At left is Mae Jemison, snapped from my seat as she spoke to open yesterday morning’s sessions. I couldn’t tweet about her comments because the hotel Wi-Fi wasn’t working in the room. Several people asked me today why I was still using a ‘netbook’ to take notes and send out tweets from the Houston symposium. It’s an easy answer — I need a standard keyboard rather than a virtual one, and despite the beauty of tablets like the iPad, I don’t want to carry a separate keyboard around. Besides, my little 10-inch screen Asus serves me well, gives me all the connectivity I need, and runs Linux much faster than the original Windows that it came with (I blew Windows off the hard disk as soon as I bought it and slipped Ubuntu on effortlessly, continually updating it ever since). At $350, which is what it set me back a few years ago, the netbook is a no-brainer for places where I need to make a lot of notes, and if I leave it in a taxi or drop it, the financial loss is minuscule.
Image: Mae Jemison against a starry background yesterday morning, presenting a rousing call for an interstellar future.
Look for more tweets today just as yesterday. I keep playing around with methodologies, popping up notetaking windows and sometimes jotting things down on a paper pad, but in reality sending out tweets is one of the best ways for me to focus my attention on what a speaker is saying. There is a wide choice in tracks here, which has led to a lot of angst about missing good papers. I finally settled on ‘Time and Distance Solutions,’ but I keep wishing I could clone myself long enough to attend papers in some of the other tracks simultaneously. ‘Becoming an Interstellar Civilization’ is loaded with good presentations, as is ‘Destinations and Habitats,’ and there are other choices as well.
Claudio Maccone and I enjoyed a long, leisurely dinner (salmon and a decent New Zealand Sauvignon Blanc, though not the match of Cloudy Bay), but by the end of it, my back was letting me know it was time to shut down for the day (not good, because I had planned to go to the Icarus Interstellar party). Spending the entire day in a chair, thus missing my usual 3-5 mile walk and getting no other exercise, played havoc with my various disk problems, reminding me I’m not as young as I used to be. Even so, it was a good day yesterday, despite the hotel Wi-Fi balkiness. A lunch with the various teams that made proposals to the DARPA solicitation was appreciated, as each could give an overview of his or her concepts. Great to spend some time there with Gordon Gould, whose ideas on getting the word out about interstellar studies have resonated with me since Orlando.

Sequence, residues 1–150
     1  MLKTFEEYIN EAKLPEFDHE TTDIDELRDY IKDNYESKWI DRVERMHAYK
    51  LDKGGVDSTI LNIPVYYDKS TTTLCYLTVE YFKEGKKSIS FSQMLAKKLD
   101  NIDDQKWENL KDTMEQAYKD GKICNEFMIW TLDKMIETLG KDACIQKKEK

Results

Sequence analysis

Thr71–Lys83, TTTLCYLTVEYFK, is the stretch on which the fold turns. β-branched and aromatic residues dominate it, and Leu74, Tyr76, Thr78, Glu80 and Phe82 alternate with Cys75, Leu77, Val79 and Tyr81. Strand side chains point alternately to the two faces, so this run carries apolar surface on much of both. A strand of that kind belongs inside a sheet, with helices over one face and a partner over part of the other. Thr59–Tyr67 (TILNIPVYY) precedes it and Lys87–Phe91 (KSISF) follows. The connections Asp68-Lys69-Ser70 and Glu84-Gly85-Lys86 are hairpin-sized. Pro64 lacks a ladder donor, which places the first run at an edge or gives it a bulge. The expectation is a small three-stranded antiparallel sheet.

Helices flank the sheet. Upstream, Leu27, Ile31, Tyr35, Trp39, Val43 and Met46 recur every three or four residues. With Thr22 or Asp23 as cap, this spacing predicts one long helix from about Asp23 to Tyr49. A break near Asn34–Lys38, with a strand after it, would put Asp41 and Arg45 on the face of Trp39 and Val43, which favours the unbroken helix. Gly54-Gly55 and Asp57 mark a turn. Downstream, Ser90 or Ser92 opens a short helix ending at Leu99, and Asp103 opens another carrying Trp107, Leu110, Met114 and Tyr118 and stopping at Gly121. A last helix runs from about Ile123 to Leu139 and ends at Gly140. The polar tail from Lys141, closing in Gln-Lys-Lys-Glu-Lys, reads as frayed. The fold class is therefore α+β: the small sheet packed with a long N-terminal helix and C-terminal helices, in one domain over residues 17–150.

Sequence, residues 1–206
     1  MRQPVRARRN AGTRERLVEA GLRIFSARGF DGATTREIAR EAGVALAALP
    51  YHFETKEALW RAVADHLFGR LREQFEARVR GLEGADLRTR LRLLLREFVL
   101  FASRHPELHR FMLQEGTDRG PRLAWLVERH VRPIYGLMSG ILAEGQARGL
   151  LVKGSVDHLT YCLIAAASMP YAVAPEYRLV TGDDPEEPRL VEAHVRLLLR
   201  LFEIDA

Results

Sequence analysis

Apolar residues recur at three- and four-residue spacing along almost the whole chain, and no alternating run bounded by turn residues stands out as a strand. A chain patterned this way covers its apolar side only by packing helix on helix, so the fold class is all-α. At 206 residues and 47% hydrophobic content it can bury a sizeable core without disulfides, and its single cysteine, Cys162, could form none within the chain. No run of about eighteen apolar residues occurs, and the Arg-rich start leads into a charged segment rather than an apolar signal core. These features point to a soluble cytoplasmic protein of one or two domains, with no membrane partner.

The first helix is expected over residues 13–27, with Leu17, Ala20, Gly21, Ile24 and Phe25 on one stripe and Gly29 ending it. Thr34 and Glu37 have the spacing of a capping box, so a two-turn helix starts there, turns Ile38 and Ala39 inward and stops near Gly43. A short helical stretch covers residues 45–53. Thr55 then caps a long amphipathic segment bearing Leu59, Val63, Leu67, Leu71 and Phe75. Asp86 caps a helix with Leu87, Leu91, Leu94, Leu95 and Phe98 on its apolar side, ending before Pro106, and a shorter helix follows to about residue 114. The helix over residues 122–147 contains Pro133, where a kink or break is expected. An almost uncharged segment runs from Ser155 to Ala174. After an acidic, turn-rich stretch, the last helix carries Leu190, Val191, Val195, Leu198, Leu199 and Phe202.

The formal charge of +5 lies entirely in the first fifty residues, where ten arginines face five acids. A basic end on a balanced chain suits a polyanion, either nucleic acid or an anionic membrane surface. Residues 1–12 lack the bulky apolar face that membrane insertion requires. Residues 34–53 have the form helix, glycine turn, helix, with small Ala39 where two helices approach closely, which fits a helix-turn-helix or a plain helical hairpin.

I’ve also been meeting more and more Centauri Dreams readers, more than in Orlando, I think. What a pleasure to be able to put a face with a name, and I have to thank all who have taken the time to come up and introduce themselves. The papers I’ve heard have been strong, in particular Richard Obousy’s superb overview of breakthrough propulsion concepts, which was delivered with panache and good humor and helped me keep some of the more futuristic ideas in perspective. Kudos as well to Sonny White (JSC), Jeffrey Lee (Crescent School, Toronto) and Pat Galea for crisp, incisive work. Pat collaborated with Greg Matloff on a multi-century probe idea using nanotechnology and beamed sails, not the fastest route but a compelling design in which the nanotech payload is essentially painted onto the sail itself. Fascinating to imagine.
Image: Pat Galea speaking in the ‘Time and Distance Solutions’ track.
Jeremy Straub (University of North Dakota) did a fine job describing the kinds of autonomous systems that any interstellar probe will need, whether crewed by humans or not. I was put in mind of the old Daedalus idea of ‘wardens,’ robotic maintenance and repair systems that keep the craft in operation. Straub noted how useful it would be to mount a near-term mission to test the viability of autonomous systems at ever increasing time lengths. The Voyagers are classy craft, but an interstellar mission might go on not for 35 years but for centuries, and robotic systems have to have the flexibility and ability to learn that will allow them to deal with ever changing situations. Focusing on autonomy and heuristics, this is one precursor mission that could have near-term consequences at advancing the state of the art.